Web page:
Tuesday, November 20, 2007


I confess that I am fascinated, perhaps for reasons I'm not entirely proud of, by the case of little Lakshmi Tatma of India. For those who didn't follow the story, Lakshmi was born conjoined to her identical twin, who didn't develop a head; as a result, Lakshmi appeared to have a second torso attached to her own, with four additional limbs.

If you're going to be born with multiple appendages, make sure you're born in a Hindu country. Some people in Lakshmi's region assumed she was an incarnation of the goddess of wealth (for whom she was named). However, her parents obtained surgery for her when A) it became clear that she would have serious health problems down the road, and B) a circus offered to buy her. The 40-hour operation has apparently been a success, but in keeping with the divine parallels of Lakshmi's story, it took place on Diwali, a Hindu festival that pays respect to the goddess Lakshmi.

Part of me wants to gape at the freak in the photos, but part of me is fascinated by the way human beings come together.
In any case, I'm glad she's doing well, even if she's no longer a divine incarnation.

And the final parallel: The day Lakshmi was shown to the public following her recuperation from her surgery, the U.S. Senate passed a measure honoring Dewali. Praise be to Rama!

Friday, November 16, 2007


The millions of visitors to my blog will notice that the Tone-man's brain makes some oddball connections from time to time; the latest association of two not-at-all-related things came this week, during frequent readings of Green Eggs and Ham to the little guy. For those who don't know the story, it concerns a furry, top-hat wearing repressed individual tormented by desires that he can't admit to himself. His appetites take the form of a mischievous sprite, called Sam-I-am, who hounds our protagonist until he indulges in--and enjoys--the things he has forbidden himself from having for so long.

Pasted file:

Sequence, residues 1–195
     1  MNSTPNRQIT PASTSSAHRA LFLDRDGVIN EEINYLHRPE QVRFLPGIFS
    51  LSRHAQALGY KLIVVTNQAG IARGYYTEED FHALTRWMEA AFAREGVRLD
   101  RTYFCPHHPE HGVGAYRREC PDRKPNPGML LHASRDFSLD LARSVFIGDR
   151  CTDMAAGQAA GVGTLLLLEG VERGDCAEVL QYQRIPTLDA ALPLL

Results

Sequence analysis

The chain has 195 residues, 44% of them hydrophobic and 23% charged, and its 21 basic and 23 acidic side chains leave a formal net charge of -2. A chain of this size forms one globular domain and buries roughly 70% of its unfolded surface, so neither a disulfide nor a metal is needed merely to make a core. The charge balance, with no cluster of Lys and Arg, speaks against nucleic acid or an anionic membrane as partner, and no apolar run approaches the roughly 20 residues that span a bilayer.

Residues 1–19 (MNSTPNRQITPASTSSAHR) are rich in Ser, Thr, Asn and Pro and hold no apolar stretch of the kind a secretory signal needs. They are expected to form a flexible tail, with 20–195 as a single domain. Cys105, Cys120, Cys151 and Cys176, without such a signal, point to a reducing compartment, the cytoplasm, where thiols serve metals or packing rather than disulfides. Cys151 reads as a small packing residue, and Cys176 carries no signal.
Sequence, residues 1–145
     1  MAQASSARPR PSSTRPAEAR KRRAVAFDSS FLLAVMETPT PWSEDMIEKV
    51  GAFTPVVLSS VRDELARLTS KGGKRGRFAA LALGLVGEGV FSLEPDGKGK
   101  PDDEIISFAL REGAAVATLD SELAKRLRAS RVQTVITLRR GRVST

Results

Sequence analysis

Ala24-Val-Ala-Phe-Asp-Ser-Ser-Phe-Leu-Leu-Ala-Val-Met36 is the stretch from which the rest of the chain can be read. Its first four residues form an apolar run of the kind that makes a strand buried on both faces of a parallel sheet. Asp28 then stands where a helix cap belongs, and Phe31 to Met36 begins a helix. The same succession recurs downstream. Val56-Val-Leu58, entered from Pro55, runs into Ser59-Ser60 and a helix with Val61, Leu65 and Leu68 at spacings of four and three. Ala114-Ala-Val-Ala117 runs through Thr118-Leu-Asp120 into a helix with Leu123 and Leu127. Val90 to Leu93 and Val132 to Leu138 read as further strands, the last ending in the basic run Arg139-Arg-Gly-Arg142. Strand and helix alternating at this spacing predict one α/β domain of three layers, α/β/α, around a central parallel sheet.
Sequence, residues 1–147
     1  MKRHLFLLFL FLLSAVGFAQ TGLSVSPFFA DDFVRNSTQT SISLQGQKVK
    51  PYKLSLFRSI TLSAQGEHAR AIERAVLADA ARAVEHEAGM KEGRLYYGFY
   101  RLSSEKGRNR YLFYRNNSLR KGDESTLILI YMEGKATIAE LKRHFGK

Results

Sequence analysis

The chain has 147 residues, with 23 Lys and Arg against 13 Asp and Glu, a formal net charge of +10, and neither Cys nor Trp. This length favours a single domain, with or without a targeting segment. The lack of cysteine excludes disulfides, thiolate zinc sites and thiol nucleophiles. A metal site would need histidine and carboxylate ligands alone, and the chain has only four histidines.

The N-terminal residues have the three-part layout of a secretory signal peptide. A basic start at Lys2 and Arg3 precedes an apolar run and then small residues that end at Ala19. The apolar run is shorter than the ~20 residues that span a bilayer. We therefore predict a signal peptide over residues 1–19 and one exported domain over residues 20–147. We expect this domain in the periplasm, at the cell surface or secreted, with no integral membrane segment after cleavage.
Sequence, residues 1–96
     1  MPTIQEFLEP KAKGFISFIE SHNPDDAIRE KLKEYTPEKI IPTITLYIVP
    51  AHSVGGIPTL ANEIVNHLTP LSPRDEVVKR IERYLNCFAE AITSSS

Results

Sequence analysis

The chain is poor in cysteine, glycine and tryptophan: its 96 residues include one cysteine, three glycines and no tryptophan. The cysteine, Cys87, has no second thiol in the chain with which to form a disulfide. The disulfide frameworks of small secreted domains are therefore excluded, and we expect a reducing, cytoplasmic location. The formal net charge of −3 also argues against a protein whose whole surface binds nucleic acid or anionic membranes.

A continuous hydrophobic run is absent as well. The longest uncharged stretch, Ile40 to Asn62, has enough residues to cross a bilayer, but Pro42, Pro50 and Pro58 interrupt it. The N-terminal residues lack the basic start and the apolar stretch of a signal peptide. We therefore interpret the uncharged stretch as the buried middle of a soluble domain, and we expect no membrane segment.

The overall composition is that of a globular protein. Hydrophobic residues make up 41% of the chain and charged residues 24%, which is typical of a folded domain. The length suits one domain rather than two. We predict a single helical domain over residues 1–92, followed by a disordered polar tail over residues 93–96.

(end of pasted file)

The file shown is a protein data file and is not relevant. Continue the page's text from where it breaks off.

Funny that I should be reading this book just when my mind had been comparing Greek myths to Calvinism. The thing that amazes me about the tales of the Olympian gods is how excessive and unrestrained Zeus & co. are, even when they know that breaking down and giving into passion or rage will cause grief in the long run. For all of their amazing abilities, they lack any kind of control over themselves, and even an eternity's worth of counseling wouldn't make them change. The contrast with the modern version of Abraham's God is striking, especially given the Protestant drive to stifle outbursts and tantrums of any kind.

The ancient Greeks seemed to acknowledge the limits of human nature even among divinities, and accept an idea that strikes me as wiser and wiser all the time; don't get between the heart and what it wants. But bowing to this philosophy means the gods and everyone else gets a blank check from the bank of behavior. The Puritans' stern disapproval and urging to make themselves better has a certain comfort to it--and it also seems a tad unrealistic.

Yet let us return to Dr. Seuss, whose moral is this--it's perfectly okay to consume green meat and poultry products.

Sunday, November 11, 2007